Court of Criminal Appeals Opinions


In State v. Pye, Judge Kelly Thomas disagrees “with the majority’s conclusion that trial counsel’s actions regarding the Petitioner’s acceptance of the plea agreement did not amount to ineffective assistance of counsel. With respect to the Petitioner’s remaining issue, I concur with the majority’s decision.”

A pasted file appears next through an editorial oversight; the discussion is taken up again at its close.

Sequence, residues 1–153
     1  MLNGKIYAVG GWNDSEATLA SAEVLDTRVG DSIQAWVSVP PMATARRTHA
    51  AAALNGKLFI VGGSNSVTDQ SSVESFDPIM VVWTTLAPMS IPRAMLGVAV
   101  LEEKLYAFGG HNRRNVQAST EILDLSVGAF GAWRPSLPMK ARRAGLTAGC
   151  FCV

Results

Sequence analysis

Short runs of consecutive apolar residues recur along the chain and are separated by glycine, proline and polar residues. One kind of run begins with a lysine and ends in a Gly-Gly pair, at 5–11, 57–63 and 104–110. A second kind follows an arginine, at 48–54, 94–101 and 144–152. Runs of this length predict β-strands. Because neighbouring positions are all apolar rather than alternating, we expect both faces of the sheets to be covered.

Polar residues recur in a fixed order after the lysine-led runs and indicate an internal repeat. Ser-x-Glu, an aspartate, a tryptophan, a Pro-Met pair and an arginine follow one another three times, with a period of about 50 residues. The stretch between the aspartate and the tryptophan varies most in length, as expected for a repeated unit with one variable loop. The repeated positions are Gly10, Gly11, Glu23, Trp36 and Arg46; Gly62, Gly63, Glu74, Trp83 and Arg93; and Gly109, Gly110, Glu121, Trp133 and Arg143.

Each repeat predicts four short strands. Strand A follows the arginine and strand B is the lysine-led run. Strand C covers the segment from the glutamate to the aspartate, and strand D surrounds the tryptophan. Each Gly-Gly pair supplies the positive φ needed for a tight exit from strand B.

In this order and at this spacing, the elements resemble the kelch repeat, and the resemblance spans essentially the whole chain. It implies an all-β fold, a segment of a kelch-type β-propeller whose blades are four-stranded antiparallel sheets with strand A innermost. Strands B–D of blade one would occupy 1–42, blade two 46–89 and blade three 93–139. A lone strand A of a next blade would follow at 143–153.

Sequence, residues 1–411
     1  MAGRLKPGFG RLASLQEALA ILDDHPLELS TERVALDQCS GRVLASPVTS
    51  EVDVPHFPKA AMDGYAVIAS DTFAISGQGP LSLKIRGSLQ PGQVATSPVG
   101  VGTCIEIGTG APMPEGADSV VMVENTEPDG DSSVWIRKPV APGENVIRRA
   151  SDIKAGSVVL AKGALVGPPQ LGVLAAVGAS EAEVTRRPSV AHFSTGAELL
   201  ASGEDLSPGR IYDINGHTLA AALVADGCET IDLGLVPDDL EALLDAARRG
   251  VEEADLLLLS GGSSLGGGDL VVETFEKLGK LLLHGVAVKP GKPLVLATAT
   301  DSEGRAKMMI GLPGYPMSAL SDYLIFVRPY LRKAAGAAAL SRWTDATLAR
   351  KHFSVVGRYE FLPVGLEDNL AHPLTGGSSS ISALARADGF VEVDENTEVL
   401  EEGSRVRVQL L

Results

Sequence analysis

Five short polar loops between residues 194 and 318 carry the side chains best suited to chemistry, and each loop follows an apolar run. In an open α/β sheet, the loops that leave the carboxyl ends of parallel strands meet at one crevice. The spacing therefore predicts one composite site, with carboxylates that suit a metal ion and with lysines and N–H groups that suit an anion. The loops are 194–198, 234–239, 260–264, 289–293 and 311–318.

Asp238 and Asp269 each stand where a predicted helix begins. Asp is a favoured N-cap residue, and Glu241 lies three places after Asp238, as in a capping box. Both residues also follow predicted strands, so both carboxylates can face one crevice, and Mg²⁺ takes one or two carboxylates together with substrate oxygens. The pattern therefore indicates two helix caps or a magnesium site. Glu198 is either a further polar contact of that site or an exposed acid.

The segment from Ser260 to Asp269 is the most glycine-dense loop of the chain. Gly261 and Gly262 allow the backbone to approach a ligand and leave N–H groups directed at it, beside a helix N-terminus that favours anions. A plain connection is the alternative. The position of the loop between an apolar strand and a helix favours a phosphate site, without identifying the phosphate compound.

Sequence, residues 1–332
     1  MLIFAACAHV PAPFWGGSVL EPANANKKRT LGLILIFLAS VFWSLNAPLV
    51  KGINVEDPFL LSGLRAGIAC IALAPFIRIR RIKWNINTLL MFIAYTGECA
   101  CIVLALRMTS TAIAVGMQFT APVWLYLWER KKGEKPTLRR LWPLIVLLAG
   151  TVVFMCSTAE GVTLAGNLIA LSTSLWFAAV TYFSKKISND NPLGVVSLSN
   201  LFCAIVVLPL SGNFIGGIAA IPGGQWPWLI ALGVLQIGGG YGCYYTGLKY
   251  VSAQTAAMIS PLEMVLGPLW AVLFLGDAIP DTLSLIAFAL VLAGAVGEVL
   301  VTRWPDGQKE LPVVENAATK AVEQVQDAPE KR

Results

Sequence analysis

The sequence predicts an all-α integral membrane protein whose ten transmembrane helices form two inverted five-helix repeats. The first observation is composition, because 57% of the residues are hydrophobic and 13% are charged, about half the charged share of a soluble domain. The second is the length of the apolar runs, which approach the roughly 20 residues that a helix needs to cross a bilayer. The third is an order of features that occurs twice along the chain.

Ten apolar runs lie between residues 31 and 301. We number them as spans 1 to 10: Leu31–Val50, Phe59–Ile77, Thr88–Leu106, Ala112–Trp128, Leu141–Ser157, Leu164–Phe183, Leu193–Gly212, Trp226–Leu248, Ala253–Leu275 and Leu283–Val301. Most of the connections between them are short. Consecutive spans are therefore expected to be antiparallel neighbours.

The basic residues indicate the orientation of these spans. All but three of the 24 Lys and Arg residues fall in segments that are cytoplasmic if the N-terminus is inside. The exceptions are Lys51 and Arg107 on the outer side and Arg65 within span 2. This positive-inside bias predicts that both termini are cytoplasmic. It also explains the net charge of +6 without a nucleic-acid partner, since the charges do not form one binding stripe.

As a general rule, “defense counsel has the duty to communicate formal offers from the prosecution to accept a plea on terms and conditions that may be favorable to the accused.” Missouri v. Frye, — U.S. —, 132 S. Ct. 1399, 1408 (2012). By allowing a plea agreement offer “to expire without advising the defendant or allowing him to consider it,” defense counsel renders constitutionally ineffective assistance to the defendant. Id. The converse had also been held to be true, “that defense counsel does have a duty to communicate an accepted plea to the State in a timely manner, i.e., before the plea offer expires.” Randle v. State, 847 S.W.2d 576, 580 (Tex. Crim. App. 1993); see also United States v. Gonzalez-Vazquez, 219 F.3d 37, 41-42 (1st Cir. 2000) (finding that the defendant likely had a claim for ineffective assistance of counsel where his defense counsel failed to accept a plea offer as instructed, allowing the offer to lapse); cf. Nichols v. State, 683 S.E.2d 610, 613 (Ga. 2009) (concluding that defense counsel was not ineffective in failing to communicate the defendant’s decision to accept a plea agreement where defendant did not make decision until after the offer had lapsed). To hold otherwise would mean that defense counsel’s duty to communicate plea offers to the defendant “would have no point if the duty to communicate the acceptance of the plea offer to the State is not also in place.”